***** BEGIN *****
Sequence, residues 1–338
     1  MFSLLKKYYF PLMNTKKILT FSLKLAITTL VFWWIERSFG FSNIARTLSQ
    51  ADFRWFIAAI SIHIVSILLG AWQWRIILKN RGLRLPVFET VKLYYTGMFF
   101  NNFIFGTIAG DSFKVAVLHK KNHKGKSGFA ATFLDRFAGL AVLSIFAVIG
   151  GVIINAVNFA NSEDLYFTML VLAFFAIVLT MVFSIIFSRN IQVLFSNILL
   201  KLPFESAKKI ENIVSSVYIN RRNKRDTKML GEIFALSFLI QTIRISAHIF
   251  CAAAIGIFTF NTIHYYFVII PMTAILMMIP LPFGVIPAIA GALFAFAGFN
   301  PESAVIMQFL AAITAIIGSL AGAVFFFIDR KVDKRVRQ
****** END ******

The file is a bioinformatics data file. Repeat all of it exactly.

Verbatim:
Sequence, residues 1–338
     1  MFSLLKKYYF PLMNTKKILT FSLKLAITTL VFWWIERSFG FSNIARTLSQ
    51  ADFRWFIAAI SIHIVSILLG AWQWRIILKN RGLRLPVFET VKLYYTGMFF
   101  NNFIFGTIAG DSFKVAVLHK KNHKGKSGFA ATFLDRFAGL AVLSIFAVIG
   151  GVIINAVNFA NSEDLYFTML VLAFFAIVLT MVFSIIFSRN IQVLFSNILL
   201  KLPFESAKKI ENIVSSVYIN RRNKRDTKML GEIFALSFLI QTIRISAHIF
   251  CAAAIGIFTF NTIHYYFVII PMTAILMMIP LPFGVIPAIA GALFAFAGFN
   301  PESAVIMQFL AAITAIIGSL AGAVFFFIDR KVDKRVRQ